STOCKTON, Calif. — It's a position Shynelle Jones never expected to be in.
A year and a half after her then 13-year-old son Jayden spent five days in the hospital — including two in the intensive care unit — after getting severe heat stroke during football practice at Stockton's Lincoln High School, she's now caught up in a legal battle with the district over the incident.
"I'm angry," Jones told ABC10. "It's tough because my son's hurt and I'm getting sued."
Following the incident in summer of 2017, Jones decided to sue the school district, citing gross negligence. She said the coach denied Jayden water when he asked to take a break and didn't follow proper protocols when he showed signs of heat stroke, allowing him to go home after practice with his friends instead of seeking medical attention.
But now, she just learned, the district is suing her in return.
"She sued for gross negligence because of their activities, and they have now cross-complained against her asking she hold them harmless for all their attorney fees they’re going to incur," Jones' attorney Kenneth Meleyco explained.
Jayden, who is now 15 and a sophomore at Lincoln High, described what happened that day during an interview with ABC10 in 2017. He said he started feeling sick during football practice in roughly 105-degree weather and ended up passing out at the end of the practice.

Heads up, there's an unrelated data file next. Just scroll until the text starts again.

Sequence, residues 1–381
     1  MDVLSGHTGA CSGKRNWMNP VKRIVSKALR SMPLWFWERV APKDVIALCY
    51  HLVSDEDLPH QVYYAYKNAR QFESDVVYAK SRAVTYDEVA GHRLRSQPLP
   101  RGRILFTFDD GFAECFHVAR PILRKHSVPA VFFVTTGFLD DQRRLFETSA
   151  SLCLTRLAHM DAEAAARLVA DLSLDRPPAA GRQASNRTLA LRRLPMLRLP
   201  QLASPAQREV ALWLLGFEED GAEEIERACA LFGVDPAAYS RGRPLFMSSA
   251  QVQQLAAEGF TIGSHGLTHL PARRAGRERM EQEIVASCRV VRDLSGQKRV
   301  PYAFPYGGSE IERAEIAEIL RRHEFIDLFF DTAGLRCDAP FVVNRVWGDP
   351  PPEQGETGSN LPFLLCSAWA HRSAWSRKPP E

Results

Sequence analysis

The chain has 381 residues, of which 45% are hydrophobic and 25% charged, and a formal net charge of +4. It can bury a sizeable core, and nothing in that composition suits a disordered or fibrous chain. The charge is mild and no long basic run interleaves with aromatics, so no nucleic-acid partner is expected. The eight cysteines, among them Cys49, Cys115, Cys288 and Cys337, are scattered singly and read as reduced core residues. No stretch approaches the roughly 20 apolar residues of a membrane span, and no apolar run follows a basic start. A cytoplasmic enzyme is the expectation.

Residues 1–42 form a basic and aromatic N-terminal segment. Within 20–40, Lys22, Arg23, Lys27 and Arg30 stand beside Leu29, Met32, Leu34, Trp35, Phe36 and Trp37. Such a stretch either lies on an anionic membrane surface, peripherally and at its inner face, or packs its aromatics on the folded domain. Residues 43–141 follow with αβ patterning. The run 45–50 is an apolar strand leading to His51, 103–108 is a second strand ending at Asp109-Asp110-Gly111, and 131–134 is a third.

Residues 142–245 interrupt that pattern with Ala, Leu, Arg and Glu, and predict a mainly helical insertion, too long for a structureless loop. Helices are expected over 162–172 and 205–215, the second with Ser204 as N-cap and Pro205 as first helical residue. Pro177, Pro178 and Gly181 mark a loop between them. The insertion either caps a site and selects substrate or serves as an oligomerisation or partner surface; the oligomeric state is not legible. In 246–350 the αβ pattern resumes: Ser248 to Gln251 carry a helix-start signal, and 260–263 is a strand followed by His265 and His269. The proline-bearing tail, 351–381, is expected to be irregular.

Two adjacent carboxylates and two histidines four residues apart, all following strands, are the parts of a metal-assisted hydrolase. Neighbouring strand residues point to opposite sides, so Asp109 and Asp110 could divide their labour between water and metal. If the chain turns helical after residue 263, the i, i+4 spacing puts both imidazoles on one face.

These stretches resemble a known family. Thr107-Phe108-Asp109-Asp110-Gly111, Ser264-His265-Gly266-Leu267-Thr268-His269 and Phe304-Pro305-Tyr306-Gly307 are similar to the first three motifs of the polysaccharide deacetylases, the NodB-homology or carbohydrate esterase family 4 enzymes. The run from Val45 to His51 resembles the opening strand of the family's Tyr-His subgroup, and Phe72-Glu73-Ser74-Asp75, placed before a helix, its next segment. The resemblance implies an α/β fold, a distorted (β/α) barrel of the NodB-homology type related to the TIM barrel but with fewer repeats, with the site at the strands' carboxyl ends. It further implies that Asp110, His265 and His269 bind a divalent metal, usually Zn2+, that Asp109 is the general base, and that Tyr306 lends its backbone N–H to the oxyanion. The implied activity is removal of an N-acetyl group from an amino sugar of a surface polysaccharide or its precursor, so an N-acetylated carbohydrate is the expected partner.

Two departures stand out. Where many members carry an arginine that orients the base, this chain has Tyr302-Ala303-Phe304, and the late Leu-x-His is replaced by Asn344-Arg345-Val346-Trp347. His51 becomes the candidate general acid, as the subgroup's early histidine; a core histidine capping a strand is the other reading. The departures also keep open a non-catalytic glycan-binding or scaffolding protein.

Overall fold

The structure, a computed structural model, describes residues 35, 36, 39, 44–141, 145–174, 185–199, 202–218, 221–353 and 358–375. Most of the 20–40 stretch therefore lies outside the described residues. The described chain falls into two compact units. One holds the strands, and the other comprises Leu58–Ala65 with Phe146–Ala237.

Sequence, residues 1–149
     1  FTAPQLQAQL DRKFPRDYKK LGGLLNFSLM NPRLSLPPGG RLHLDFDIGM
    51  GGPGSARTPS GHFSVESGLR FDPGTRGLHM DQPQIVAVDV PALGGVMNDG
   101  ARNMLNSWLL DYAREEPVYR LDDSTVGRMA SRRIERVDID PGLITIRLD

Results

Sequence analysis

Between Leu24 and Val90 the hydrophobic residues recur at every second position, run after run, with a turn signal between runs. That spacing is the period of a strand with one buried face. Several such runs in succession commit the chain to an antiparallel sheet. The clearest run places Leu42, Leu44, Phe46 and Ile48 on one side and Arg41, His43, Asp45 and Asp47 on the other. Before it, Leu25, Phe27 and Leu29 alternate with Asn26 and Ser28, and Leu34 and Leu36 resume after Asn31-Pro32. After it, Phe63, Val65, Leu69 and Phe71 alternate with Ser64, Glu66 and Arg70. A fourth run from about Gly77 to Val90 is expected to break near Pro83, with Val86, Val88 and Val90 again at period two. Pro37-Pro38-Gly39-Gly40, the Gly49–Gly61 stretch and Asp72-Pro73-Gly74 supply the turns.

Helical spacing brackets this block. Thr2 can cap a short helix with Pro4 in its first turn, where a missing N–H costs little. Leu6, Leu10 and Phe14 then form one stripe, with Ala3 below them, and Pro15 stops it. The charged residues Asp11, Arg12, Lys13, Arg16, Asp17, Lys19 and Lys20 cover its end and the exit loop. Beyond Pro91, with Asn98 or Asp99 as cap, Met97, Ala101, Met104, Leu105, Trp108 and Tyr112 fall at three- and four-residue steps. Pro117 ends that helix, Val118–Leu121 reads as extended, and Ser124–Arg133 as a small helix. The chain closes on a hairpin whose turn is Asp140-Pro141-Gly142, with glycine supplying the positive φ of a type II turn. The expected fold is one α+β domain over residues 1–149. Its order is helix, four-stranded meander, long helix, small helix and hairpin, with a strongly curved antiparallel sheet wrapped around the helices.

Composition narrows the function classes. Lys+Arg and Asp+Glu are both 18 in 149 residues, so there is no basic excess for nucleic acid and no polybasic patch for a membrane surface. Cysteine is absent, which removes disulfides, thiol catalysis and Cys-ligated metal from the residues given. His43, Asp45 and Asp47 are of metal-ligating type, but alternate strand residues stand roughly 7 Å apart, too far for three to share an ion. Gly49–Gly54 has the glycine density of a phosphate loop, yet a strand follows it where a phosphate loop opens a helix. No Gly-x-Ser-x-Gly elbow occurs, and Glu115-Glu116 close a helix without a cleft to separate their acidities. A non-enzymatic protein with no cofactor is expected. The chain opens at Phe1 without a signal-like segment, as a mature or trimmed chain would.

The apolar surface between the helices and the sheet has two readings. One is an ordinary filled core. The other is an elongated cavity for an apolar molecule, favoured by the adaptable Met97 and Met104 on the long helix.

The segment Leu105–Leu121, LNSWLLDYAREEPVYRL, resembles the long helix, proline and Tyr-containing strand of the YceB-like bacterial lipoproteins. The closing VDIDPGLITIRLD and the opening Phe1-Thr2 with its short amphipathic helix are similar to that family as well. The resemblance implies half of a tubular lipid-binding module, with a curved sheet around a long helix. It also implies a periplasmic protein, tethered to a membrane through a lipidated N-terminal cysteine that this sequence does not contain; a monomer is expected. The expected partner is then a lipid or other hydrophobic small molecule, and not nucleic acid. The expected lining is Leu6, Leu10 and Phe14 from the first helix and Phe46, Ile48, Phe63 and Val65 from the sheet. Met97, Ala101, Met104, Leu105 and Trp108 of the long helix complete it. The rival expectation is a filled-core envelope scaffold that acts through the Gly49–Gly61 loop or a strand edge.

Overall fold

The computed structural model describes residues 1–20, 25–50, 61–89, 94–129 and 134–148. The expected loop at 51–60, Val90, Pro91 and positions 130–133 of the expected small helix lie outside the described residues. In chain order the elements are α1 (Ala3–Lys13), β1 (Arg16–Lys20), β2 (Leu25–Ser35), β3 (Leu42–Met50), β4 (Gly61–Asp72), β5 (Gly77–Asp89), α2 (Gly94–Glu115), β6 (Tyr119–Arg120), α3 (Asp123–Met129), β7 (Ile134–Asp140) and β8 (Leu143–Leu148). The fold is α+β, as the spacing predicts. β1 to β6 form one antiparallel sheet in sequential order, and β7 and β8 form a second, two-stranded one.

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Hours later, when his health continued to decline, he was airlifted to UC Davis Children's hospital where he was put in the ICU.
"My vision was all blurry. I was like really loopy, so I started vomiting everywhere," Jayden, who was left with a temporary limp and limited movement in his muscles, recalled at the time.
Jones and her lawyer allege that the school was grossly negligent "in not following the rules" of the California Interscholastic Federation (CIF) for how to deal with hydration and potential heat stroke.
According to CIF guidelines attached to Jones' complaint, the CIF offers recommendations for schools that include advising coaches to cancel or move practices indoors during very hot weather and keep adequate medical personnel on-site to handle heat illnesses or emergencies.
An attorney representing the Lincoln Unified School District said the district does not agree with Jones' allegations in the lawsuit and would not comment further, citing pending litigation.
Where things also get murkier, is that Jones and Jayden both signed a waiver of liability notice from the school, which states that the persons signing "voluntarily releases, discharges, waives and relinquishes any and all actions or causes of action for personal injury, property damage or wrongly death occurring to him/her" from the athletic activity.
Meleyco, however, believes that the waiver should be voided because of what he believes was negligence.
"What we’re saying is it's a fraud on the parents because they don’t say in there they’re not going to follow the rules," Meleyco said of the waiver, "And if they're not going to follow the rules injuries are going to happen."
A trial date has not yet been set but is likely to be in early 2020.
It's also important to note that just his year — on January 1, 2019 — a new state law took effect that now requires all coaches of high school athletics to undergo training that will help them spot the signs and symptoms of heat illness and how to respond to it.
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